Sep 28 2015Share

Schools: A Lesson About How To Save Water

By Kathleen Ferris

The people who keep school buildings operating have a big job, and data from the City of Phoenix show they're doing it while saving water. Numbers from the city indicate that the volume of water used by school districts dropped 18 percent between 1990 and 2012.

It isn't always easy keeping hundreds of teachers and students cool, bathrooms operating, cafeterias functioning, and landscaping healthy and attractive. It’s an endless chore of upgrades and remodels, particularly in districts where some buildings have been in operation since the 1950s and even earlier.

It’s more likely you’ll find water-saving changes taking place at public school districts than at high-rise downtown office buildings. School districts are helping to lead in water conservation for three main reasons:

1.     There is an urgent need to save money on utility bills so more can be spent on teachers and students.

2.     Schools are long-term, non-profit operations that have the ability and desire to invest in changes that will save money over decades, not necessarily within a few years. Some private sector building owners are not as motivated to look ahead for decades. They may be looking for quicker return on their investments or planning to sell the building.

3.     Changing to highly water efficient appliances and fixtures is a mechanism to finance loans. Schools often make water-saving changes as part of a long-term loan package with a private energy service company. An energy service company determines what changes can be made to lower energy and water costs within the district. The energy service company then makes the renovations and receives the money the district saves on utility costs as its monthly repayment with a small interest payment. The school district gets the money it needs for energy efficient upgrades, reaps the savings once the loan is paid off and helps to conserve energy and water.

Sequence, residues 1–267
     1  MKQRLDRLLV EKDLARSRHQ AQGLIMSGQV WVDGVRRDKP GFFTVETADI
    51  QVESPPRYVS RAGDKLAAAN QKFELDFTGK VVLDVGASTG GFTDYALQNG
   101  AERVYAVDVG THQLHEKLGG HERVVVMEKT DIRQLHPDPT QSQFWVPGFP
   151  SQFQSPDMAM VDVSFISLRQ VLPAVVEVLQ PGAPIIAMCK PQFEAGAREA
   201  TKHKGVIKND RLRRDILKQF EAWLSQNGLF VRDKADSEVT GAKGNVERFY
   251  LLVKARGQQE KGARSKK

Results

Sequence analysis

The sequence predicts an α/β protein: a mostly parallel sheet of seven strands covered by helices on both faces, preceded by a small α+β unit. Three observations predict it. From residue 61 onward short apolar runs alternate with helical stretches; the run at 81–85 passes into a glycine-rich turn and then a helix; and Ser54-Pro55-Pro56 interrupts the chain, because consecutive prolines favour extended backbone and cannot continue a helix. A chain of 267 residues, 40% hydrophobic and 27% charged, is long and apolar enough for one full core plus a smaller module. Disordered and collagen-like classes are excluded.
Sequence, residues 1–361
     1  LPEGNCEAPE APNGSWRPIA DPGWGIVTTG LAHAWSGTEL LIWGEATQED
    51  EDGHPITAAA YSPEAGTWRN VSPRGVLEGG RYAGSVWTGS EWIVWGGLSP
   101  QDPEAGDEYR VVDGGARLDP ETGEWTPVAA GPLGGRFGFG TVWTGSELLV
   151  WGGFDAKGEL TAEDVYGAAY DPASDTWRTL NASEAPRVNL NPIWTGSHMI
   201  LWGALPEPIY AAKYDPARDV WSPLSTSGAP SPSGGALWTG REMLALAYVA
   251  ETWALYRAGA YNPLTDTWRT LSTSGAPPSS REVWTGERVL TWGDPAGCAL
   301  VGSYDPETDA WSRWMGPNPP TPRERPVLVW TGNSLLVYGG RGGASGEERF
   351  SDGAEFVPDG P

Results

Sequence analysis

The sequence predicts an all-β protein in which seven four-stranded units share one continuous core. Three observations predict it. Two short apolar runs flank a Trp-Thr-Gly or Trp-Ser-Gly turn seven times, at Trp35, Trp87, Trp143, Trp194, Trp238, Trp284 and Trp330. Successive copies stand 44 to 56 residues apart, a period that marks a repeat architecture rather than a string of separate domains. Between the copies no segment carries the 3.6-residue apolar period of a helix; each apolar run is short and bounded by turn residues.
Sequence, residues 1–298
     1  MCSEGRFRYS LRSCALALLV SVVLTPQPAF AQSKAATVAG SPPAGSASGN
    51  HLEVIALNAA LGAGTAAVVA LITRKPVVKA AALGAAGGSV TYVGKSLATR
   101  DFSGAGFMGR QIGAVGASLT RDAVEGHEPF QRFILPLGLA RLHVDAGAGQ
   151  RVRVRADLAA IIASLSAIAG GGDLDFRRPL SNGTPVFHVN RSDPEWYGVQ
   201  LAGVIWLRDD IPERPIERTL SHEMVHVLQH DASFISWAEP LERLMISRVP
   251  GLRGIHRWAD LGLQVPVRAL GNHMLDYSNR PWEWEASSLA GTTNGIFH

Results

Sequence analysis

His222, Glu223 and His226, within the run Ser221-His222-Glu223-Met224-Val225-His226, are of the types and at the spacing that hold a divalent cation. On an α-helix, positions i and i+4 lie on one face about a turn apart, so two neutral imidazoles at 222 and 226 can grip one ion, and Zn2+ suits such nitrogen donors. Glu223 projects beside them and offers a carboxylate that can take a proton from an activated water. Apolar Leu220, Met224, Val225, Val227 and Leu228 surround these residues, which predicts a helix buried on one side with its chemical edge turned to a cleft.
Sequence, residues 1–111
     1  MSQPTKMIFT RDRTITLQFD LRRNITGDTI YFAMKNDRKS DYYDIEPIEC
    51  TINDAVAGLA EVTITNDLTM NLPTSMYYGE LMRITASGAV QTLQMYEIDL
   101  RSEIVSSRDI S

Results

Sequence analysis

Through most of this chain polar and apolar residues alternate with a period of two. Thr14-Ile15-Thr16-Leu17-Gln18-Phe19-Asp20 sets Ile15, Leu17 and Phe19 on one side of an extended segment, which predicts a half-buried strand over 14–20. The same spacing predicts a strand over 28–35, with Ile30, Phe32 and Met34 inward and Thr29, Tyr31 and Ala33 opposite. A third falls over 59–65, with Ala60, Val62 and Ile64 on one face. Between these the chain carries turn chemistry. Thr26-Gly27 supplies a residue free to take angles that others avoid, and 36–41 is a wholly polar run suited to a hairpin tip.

Washington Elementary School District entered into a contract with an energy service company about 18 months ago. The contract will last 15 years and is expected to provide utility savings for many years beyond. Here are the water-saving changes the district made over the last two years.

·      Replaced 322 toilets that used from 2.5 to 1.6 gallons for each flush with toilets that use 1.28 to 1.1 gallon per flush.

·      Replaced 99 urinals that used 1 to .5 gallons each flush with urinals that use .1 gallons per flush.

·      Replaced 371 faucets that flowed at 2 to 3 gallons per minute with new faucets that flow at 1 to .5 gallons per minute.

·      Added smart irrigation controllers to irrigation systems that water about 180 acres of turf at 28 schools and one administration building. The smart controllers have soil sensors that measure the moisture in the soil and wirelessly send that message to the controller. The controller modifies the irrigation run times to match the moisture needed.

The changes made by the Washington Elementary School District reduced the district’s water bill by more than $200,000 during the 14-month period from April 2014 through June 2015, when compared to the same 14 months the year before. 

Do you know what the schools in your neighborhood are doing to save water? Advocating for more water-efficient fixtures and appliances in your schools is one way you can help to conserve water now so all students face a better future.

For 46 years, Arizona Municipal Water Users Association has worked to protect our member cities’ ability to provide assured, safe and sustainable water supplies to their communities. For more water information visit

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